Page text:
The idea of investing in foreign markets may seem overwhelming and intimidating especially for new investors who are at the testing phase.
One way to diversify your portfolio is to put some of your money in overseas investments. Foreign markets may respond differently to economic conditions than U.S. markets. That means strong performance abroad may help to offset weak performance at home.
Investing In Mutual Funds
The best way to invest in foreign markets is foreign investments through a mutual fund. A simple way to invest internationally is through a mutual fund that holds foreign securities. You get the benefit of professional management and the option to choose from stock, bond or money market funds in several categories.
International or overseas funds invest in stock or bond markets only in countries outside of the United States. They buy securities in both mature, stable economies and in the more volatile economies of emerging countries.
Global or world funds are different because their portfolios hold U.S. stocks or bonds as well as securities from foreign countries. Fund managers buy and sell assets based on which markets are performing well at any given time.
Country funds hold investments in a single foreign country. The fund may be in a country with a well-established economy or one that focuses on an emerging country with the potential for rapid economic growth. Emerging-country funds can be particularly vulnerable to political or economic upheaval.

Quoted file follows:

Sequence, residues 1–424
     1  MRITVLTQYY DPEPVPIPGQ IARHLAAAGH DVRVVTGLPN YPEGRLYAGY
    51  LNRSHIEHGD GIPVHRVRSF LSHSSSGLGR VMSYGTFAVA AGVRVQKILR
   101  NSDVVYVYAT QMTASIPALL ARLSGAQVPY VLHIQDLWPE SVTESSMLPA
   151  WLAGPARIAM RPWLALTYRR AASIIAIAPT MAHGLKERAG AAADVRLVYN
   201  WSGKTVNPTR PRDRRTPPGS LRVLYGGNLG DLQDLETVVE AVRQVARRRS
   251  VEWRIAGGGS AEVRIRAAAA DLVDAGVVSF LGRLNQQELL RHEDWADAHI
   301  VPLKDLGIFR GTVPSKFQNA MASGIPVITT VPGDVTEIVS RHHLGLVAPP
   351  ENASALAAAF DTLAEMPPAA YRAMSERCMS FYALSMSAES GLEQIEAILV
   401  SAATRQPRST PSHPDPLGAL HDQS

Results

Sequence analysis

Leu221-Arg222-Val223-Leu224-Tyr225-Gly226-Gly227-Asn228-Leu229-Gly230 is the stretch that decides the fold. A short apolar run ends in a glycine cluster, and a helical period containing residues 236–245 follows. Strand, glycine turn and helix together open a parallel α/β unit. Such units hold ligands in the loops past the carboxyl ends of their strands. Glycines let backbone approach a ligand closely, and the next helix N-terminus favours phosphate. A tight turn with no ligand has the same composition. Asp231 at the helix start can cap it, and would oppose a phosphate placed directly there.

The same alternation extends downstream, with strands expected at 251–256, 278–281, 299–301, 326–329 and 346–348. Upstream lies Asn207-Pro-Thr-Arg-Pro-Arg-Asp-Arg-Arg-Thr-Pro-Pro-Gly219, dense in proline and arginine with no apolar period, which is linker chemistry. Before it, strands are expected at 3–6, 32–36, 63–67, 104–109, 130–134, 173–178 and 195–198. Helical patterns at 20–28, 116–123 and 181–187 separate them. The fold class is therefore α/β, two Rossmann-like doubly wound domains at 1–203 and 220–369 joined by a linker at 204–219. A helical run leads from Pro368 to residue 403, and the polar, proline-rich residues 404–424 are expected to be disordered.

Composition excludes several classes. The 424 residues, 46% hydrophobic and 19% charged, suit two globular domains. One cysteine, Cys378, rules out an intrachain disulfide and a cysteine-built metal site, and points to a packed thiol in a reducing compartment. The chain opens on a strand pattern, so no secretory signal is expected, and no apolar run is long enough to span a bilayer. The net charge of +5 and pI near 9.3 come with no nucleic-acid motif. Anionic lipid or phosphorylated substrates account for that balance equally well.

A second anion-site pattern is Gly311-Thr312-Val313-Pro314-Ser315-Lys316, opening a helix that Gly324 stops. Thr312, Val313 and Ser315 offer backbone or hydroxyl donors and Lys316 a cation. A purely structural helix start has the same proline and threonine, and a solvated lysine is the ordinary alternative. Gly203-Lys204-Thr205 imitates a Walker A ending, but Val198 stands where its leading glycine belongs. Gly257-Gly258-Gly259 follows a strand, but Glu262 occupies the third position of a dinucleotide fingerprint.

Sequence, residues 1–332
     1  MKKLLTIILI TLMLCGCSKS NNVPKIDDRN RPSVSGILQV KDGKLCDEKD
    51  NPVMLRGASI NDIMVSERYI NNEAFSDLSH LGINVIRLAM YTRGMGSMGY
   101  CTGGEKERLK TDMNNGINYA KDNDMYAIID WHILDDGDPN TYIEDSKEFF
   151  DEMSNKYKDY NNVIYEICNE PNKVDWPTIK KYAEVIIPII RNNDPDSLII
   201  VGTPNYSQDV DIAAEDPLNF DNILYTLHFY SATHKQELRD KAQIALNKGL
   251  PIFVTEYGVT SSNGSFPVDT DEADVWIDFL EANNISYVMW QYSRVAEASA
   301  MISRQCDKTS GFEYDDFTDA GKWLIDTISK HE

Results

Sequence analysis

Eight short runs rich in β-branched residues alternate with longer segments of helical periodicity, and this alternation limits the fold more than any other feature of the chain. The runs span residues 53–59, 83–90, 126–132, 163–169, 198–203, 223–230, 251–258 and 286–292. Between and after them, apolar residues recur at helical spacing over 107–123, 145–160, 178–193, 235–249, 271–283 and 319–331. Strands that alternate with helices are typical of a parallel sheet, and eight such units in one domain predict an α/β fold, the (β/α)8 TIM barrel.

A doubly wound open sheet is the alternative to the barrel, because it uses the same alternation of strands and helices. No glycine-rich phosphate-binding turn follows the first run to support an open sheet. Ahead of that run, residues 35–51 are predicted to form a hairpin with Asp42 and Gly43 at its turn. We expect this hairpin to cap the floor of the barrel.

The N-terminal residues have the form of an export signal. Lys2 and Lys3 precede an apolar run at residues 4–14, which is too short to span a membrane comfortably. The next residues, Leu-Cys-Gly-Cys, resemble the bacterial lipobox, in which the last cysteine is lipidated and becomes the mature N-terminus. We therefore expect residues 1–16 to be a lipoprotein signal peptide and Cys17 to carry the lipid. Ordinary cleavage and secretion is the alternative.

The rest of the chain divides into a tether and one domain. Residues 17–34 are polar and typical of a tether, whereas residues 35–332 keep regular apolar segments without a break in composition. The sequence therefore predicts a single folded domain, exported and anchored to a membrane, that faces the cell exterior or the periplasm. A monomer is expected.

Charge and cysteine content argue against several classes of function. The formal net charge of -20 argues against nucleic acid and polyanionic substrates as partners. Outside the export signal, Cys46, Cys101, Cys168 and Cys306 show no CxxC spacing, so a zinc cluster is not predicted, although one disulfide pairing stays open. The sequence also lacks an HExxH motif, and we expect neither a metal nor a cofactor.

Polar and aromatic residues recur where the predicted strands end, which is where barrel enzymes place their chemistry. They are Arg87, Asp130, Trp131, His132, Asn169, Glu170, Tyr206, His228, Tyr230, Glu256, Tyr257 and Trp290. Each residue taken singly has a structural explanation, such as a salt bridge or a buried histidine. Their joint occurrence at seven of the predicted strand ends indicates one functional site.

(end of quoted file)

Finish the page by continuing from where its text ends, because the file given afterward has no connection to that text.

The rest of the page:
Regional funds invest in a specific geographical area. Because this investment spans several different countries, the fund may be able to offset one country’s lackluster economy with another country’s thriving economy.
Risks of Investing in Foreign Markets:
Investing internationally carries the same risk associated with all investing – market conditions can change, causing your investments to lose value. There are added risks of political and economic instability as well as changes in value of the U.S. dollar abroad.
- Political risk – Changes to government and political systems can wreak havoc on a nation’s investment markets.
- Currency risk – Exchange-rate fluctuations can boost or limit investment returns. A rise in security prices can be offset by a decline in the value of the currency.
- Market risk – Many overseas markets are characterized by wide price swings.
Be sure to talk to your investment professional about Nationwide products that could help you meet your long-term goals.More than half of the world’s market capitalization lies outside the U.S., there are good reasons to believe that, over the long haul, international stocks have at least as much potential, and probably more, as their U.S. counterparts.
Investors who venture beyond the U.S. borders should be aware that an equity portfolio made up of 50% in international stocks will often have returns that are quite different from those of the U.S. markets, particularly the S&P 500.Sometimes this will seem like a blessing and sometimes like a curse. If you take this route, you should not expect returns that closely follow those of U.S. asset classes.